As a matter of fact, the complete story is somewhat more involved and more ... embarrassing. Info-gap's robustness model is an instance of, or rather a re-invention of, a model of local robustness that is known universally as Radius of Stability (circa 1960) --- itself an instance of Wald's Maximin model. Of course, the Radius of Stability model has been used for decades, in a wide range of disciplines (e.g. numerical analysis, control theory, operations research, economics, applied mathematics) for the modeling and analysis of small perturbations in the nominal value of a parameter of interest.

This means that the claim that info-gap decision theory is new and radically different is not only groundless, it is a gross misrepresentation of the state of the art.

Take note that as a model of local robustness, the generic Radius of Stability model asks the following simple but extremely important practical and methodological question:

What is the size of the largest perturbation (in the worst-case sense) in the nominal value of a parameter, that does not destabilize a given system?

The "worst-case sense" clause refers to the "direction" of the perturbation (see explanation).

The point is then that info-gap's robustness model, hence info-gap decision theory, is a re-invented square wheel.

UncyclopediA

The object of this metaphor is to put across the prescribed misapplication of the Radius of Stability model by info-gap decision theory, which instructs using a model of local robustness to determine global robustness.

The unsavory consequences of this profoundly flawed prescription for identifying decisions that are robust to severe uncertainty are illustrated through the No Man's Land metaphor.

No Man's Land

By definition, info-gap's robustness model is a model of local robustness. That is, it measures the largest safe (worst case) deviation from the estimate. This means that the model seeks to identify the robustness of the problem concerned, in the neighborhood of the estimate. The robustness of decision q∈Q is defined formally in info-gap decision theory as follows:

α(q,û):= max {α≥0: rc ≤ r(q,u),∀u∈U(α,û)} , q∈Q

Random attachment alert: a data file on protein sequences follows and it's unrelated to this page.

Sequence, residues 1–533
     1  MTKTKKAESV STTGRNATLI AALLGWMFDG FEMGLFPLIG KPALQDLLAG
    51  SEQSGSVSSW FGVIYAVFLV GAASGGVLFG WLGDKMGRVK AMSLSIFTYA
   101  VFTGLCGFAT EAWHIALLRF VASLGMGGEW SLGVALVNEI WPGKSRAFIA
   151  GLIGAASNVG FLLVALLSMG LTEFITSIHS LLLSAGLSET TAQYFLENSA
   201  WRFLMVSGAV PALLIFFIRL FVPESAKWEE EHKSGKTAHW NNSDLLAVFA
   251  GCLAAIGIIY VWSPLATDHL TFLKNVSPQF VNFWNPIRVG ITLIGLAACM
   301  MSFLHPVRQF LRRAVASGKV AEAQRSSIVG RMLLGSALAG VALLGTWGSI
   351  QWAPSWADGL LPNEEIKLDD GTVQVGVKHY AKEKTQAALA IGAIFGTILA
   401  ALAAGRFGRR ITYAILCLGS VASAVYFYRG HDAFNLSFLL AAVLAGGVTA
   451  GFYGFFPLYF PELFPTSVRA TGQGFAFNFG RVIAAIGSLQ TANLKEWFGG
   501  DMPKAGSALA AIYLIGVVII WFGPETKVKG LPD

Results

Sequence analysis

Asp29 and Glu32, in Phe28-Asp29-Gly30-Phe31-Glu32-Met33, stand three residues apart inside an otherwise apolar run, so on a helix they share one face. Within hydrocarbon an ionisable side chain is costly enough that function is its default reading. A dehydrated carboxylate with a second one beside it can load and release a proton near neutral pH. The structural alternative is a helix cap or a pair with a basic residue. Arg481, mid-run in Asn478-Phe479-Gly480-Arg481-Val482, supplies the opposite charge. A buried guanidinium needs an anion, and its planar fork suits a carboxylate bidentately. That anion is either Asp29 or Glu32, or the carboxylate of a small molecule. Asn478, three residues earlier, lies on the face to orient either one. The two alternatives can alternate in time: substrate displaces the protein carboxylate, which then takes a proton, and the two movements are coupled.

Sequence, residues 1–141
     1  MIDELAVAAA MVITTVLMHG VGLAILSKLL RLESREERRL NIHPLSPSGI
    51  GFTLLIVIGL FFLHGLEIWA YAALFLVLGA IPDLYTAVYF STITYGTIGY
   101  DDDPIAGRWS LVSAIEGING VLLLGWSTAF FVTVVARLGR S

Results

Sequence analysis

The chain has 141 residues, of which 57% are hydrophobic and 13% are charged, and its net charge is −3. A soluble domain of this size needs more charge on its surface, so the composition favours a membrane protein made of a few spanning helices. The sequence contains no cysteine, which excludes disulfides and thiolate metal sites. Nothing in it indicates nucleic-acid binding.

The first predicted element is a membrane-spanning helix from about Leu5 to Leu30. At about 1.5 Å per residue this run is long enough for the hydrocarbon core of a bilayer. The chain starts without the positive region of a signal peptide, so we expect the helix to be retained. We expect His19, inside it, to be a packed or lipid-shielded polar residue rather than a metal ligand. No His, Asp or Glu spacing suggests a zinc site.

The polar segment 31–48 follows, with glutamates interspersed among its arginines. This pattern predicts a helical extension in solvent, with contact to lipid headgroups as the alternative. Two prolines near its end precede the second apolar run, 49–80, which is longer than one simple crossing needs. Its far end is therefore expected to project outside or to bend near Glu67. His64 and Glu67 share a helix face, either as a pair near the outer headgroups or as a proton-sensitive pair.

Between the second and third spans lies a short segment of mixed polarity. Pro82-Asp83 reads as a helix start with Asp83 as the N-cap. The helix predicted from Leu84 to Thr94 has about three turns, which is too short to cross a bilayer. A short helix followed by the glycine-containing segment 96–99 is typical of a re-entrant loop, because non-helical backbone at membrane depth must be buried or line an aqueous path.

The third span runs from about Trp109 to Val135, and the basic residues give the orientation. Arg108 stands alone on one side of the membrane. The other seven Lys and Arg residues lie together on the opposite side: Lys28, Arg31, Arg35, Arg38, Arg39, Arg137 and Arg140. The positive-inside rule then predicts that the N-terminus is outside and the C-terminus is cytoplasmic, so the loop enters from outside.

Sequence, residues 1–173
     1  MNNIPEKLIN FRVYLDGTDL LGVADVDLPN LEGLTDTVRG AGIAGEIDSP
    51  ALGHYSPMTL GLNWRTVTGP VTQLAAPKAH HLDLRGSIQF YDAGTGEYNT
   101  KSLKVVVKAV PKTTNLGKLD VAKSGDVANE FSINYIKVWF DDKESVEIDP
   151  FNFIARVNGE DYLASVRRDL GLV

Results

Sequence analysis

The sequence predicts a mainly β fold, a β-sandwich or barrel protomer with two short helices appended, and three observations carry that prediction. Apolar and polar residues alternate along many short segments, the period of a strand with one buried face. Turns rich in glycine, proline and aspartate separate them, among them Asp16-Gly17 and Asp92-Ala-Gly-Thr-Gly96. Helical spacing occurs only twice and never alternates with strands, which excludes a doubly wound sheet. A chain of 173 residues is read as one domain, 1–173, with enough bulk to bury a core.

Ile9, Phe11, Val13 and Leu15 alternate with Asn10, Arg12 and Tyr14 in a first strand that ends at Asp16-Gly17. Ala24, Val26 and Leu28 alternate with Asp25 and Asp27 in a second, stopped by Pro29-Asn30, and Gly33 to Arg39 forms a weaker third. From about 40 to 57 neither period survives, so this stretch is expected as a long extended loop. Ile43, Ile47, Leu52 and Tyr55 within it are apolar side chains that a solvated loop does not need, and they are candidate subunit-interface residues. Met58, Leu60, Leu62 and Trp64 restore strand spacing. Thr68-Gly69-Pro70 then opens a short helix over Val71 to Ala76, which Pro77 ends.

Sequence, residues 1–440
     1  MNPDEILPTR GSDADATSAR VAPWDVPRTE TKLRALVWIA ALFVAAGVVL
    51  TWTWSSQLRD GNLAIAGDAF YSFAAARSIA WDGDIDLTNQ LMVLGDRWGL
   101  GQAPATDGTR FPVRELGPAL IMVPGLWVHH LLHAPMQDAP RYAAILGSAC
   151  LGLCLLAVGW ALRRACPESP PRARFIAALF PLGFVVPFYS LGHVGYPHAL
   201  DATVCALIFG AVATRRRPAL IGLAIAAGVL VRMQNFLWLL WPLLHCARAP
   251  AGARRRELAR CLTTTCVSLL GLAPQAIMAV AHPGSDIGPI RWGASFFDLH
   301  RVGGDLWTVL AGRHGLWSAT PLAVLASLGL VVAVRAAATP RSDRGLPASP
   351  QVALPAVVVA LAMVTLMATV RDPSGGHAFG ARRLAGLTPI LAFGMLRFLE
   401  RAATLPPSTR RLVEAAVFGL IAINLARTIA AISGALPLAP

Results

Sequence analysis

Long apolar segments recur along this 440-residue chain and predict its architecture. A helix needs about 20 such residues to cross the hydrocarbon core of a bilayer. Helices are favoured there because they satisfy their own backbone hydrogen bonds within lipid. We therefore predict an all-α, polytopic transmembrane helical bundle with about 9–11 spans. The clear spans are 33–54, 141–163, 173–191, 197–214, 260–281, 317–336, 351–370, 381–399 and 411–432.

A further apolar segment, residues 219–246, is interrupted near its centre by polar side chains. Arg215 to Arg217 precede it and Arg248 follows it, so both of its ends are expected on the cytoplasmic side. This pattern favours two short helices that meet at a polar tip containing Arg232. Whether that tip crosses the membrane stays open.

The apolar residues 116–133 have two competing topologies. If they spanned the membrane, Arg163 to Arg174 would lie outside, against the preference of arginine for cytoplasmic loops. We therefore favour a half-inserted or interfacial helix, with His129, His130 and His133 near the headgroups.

where rc ≤ r(q,u) is a performance constraint that decision q is required to satisfy for values of u in U.

By definition then:

info-gap robustness:
The robustness of decision q, denoted α(q,û), is the largest value of α such that the constraint rc ≤ r(q,u) is satisfied for all u∈U(α,û).

For the record, α(q,û) is the radius of stability of decision q at û as determined by this simple Radius of Stability model.

Thus, according to info-gap decision theory, an optimal decision is a decision whose robustness (radius of stability) is the largest.

The inherently local nature of info-gap's robustness model is manifested in its prescription to measure the performance of decision q with regard to the constraint rc ≤ r(q,u) only in the neighborhood of the estimate û.

But, as the underlying assumption is that the estimate is poor and can be substantially wrong, it is eminently clear that it is imperative to assess how different values of û affect the results of the analysis. Because, as one might well imagine, changing the value of the estimate changes the info-gap robustness of the decisions and accordingly the optimal decision.

So, the trouble is that by solving a problem for a number of values of û, one generates a number of optimal decisions, and the question then arising is: which of the optimal decisions is the "best"?

And to complicate matters even more, there is no apparent way out of this difficulty. Because, given that info-gap's uncertainty model is a likelihood-free model, assigning different "likelihoods" or "plausibilities" to different point estimates is not a proposition.

And yet, in spite of the vitally important ramifications that these issues have for info-gap's methodology, the theory does not even begin to address them.

I raised all these matters a long time ago on this website and in numerous articles and presentations. It is gratifying, therefore, that they are now discussed so clearly in the REPORT.

Still ...

Because one of the most serious flaws in info-gap's treatment of severe uncertainty is not discussed in the REPORT, it behooves me to raise it here. As might be expected, this serious flaw is also a function of info-gap's prescription to focus the entire robustness analysis only on a (poor) estimate and its immediate neighborhood.

And to do this, let us examine the following two positions on dealing with severe uncertainty:

Fundamental difficulty in
Decision-Making Under Severe Uncertainty Info-gap decision theory
  • The true value of the parameter of interest is subject to severe uncertainty.

  • Therefore, our point estimate of the true value can be substantially wrong.